Successive American administrations recognized the extraordinary role of the Rebbe, Rabbi Menachem M. Schneerson, of righteous memory, in providing moral (and religious) direction for Jews and non-Jews worldwide, and sought his sage counsel on issues of global and local import. The Rebbe, in turn, would often emphasize the unique role the United States plays in the world—in general, and particularly the extraordinary influence of the office of the American president.

On the occasion of the historic inauguration of President Barack Obama as the 44th president of the United States, we share a brief sampling of some exchanges between the Rebbe and Presidents Carter and Reagan.

[Some of the personal exchanges, both oral (via emissary intermediaries) and written, have yet to be uncovered and we ask you, dear readers, to please submit to us any additional information you may have.]


President Jimmy Carter
President Jimmy Carter
Shortly after President Jimmy Carter's inauguration in 1977 he honored the Rebbe by declaring 1977 to be the "Year of Education." At the conclusion of that year the United States of America celebrated the first Education Day U.S.A. on the Rebbe's birthday, according to the date on the Jewish calendar.

A joint resolution, signed by the Congress and the President, stated:

…the Congress recognizes a need for the Nation to set aside on the calendar a day devoted to the importance of education to the lives of its citizens and to the general well-being of the Nation; and the Lubavitch Movement, which conducts educational activities at more than sixty centers in twenty-eight States as well as around the world, is especially committed to the advancement of education and has proposed the establishment of an "Education Day, U.S.A."; and world Jewry marked in 1977 the seventy-fifth birthday of the revered and renowned Jewish leader, the head of the worldwide Lubavitch Movement., Rabbi Menachem Mendel Schneerson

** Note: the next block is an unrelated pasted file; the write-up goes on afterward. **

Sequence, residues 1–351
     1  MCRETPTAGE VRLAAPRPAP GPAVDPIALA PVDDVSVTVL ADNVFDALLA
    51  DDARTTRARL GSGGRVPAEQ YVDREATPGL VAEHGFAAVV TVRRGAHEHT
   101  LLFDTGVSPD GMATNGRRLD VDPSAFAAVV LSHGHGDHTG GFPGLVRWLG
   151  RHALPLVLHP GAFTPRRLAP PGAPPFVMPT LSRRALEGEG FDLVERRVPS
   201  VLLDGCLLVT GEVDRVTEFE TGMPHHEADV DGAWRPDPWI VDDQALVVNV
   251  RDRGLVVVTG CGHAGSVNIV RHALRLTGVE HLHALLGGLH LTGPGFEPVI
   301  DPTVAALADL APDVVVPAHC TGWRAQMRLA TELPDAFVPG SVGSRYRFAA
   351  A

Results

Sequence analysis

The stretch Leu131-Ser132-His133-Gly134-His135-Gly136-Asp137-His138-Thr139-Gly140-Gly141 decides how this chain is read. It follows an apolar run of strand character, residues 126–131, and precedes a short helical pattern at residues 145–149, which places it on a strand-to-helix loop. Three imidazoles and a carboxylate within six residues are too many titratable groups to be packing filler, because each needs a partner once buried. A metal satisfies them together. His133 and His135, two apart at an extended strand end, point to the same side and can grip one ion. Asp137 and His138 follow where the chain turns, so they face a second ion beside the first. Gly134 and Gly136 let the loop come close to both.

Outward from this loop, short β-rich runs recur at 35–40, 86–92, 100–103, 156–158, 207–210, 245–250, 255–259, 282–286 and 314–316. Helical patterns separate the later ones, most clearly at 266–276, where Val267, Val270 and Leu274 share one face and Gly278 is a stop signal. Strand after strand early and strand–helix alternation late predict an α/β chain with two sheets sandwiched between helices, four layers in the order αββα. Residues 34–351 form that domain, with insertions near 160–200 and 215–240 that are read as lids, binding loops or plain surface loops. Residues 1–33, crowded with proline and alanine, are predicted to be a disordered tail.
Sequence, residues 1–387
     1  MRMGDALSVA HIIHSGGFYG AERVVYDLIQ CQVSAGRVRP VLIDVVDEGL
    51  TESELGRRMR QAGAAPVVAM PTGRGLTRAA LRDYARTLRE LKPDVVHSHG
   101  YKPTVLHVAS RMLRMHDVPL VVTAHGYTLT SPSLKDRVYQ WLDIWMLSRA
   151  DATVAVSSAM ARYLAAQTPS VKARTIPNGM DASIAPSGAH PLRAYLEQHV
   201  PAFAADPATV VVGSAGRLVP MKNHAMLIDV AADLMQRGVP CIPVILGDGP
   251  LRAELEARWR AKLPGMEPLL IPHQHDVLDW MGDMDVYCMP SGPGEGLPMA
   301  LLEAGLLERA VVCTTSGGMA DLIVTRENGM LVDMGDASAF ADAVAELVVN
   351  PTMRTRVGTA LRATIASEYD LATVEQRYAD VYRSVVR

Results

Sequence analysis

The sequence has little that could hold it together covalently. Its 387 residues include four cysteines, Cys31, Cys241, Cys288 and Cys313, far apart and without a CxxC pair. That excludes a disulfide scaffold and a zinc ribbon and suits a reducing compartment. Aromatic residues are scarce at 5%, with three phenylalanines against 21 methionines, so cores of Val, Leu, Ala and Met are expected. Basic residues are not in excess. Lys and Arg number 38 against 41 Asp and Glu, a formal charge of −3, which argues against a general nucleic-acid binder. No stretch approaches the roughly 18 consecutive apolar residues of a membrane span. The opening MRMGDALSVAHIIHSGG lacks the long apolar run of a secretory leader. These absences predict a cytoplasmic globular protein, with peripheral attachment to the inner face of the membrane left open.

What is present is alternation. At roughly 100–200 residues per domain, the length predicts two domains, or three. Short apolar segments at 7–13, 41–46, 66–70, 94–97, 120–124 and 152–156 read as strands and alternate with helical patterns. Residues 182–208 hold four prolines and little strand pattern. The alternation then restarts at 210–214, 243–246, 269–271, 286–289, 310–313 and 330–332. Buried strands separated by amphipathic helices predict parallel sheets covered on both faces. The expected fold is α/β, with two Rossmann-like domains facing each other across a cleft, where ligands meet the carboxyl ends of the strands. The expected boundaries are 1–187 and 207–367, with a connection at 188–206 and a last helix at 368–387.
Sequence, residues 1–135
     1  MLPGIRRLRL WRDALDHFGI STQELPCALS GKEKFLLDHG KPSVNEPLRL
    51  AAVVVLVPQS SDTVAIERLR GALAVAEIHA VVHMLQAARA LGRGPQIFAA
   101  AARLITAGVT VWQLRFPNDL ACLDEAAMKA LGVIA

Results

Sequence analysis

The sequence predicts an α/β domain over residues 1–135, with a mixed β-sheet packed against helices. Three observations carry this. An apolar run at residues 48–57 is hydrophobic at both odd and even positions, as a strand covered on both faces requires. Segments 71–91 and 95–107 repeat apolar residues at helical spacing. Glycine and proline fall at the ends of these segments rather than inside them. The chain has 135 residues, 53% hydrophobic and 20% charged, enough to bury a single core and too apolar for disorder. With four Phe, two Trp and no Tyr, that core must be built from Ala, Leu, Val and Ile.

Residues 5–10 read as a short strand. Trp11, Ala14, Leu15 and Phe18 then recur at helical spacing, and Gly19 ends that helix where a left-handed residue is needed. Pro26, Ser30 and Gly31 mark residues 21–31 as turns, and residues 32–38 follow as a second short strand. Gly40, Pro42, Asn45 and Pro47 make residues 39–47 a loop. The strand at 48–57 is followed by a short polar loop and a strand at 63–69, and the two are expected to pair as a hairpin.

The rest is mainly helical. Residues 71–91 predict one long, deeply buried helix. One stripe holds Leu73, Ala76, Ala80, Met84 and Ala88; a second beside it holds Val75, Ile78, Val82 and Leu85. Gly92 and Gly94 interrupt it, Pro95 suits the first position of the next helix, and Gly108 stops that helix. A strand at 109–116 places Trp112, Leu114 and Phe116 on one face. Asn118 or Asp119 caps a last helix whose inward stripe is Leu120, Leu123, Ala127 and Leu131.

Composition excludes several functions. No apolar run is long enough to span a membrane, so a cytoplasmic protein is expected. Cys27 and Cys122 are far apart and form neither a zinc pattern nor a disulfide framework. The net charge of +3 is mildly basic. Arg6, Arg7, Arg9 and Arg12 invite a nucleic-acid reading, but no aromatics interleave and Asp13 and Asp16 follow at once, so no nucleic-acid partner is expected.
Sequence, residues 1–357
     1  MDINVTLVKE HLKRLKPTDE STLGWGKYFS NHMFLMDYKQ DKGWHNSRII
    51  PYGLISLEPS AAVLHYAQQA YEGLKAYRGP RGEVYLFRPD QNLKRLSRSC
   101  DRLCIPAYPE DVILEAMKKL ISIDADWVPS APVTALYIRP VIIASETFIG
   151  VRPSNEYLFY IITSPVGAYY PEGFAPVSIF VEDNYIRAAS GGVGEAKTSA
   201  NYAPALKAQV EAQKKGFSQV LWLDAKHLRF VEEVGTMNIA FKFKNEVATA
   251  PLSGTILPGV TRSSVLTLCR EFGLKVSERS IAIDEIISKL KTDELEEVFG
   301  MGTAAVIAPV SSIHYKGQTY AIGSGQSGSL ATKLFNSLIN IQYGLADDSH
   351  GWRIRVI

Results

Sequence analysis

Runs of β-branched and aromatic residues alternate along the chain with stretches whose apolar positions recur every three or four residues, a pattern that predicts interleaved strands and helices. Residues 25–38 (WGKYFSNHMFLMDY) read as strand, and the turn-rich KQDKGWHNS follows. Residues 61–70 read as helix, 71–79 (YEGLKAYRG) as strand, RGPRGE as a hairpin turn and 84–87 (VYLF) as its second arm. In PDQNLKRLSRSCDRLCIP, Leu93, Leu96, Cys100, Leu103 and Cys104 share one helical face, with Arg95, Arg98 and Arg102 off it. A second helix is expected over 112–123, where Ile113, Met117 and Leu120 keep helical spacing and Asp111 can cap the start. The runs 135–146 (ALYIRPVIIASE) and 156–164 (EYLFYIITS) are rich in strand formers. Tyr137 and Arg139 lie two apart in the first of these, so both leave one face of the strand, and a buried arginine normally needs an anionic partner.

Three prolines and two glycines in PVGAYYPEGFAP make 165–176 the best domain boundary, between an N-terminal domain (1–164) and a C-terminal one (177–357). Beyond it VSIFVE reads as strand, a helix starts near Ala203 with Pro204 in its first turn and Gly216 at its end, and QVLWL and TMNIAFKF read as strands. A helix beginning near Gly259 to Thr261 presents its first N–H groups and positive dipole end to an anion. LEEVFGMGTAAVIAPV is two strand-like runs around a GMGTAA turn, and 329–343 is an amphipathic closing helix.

The President then requested in a separate proclamation that:

…all Americans observe that day in such a matter as reflects their commitment to education and their recognition of its importance to the welfare of this Nation…

After the Rebbe suffered a massive heart attack in 1977 on the eve of the Jewish holiday of Shemini Atzeret, the President sent a telegram to the Rebbe:

I was sorry to learn of your illness. I hope that you will be strengthened knowing that the thoughts and prayers of your many followers and admirers, both here and abroad, are with you.

The Rebbe responded:

I thank you, dear Mr. President, for your kind telegram in connection with my recent illness. Your warm expression of concern for my health is deeply appreciated.

…With prayerful wishes for your continued good health and for success in carrying out in the fullest measure the enormous responsibilities which Divine Providence has bestowed on you…

President Jimmy Carter at the Lubavitch Menorah Lighting in front of the White House together with Rabbi Abraham Shemtov, national director of American Friends of Lubavitch and the Rebbe's ambassador to the White House.
President Jimmy Carter at the Lubavitch Menorah Lighting in front of the White House together with Rabbi Abraham Shemtov, national director of American Friends of Lubavitch and the Rebbe's ambassador to the White House.
During a chasidic gathering on April 18, 1978, the same day proclaimed as Education Day USA, the Rebbe delivered an address about its significance. Some freely translated excerpts:

…Education, in general, should not be limited to the acquisition of knowledge and preparation for a career, or, in common parlance, “to make a better living.” And we must think in terms of a “better living” not only for the individual, but also for the society as a whole. The educational system must, therefore, pay more attention, indeed the main attention, to the building of character, with emphasis on moral and ethical values. (Need one be reminded of what happened in our lifetime in a country that ranked among the foremost in science, technology, philosophy, etc.?)

Education must put greater emphasis on the promotion of fundamental human rights and obligations of justice and morality, which are the basis of any human society, if it is to be truly human and not turn into a jungle. The United States of America has a long-standing policy of foreign aid to developing countries, through direct grants and through U.N. agencies. Economic aid to foreign countries includes also cultural aid for the promotion and support of cultural programs, etc.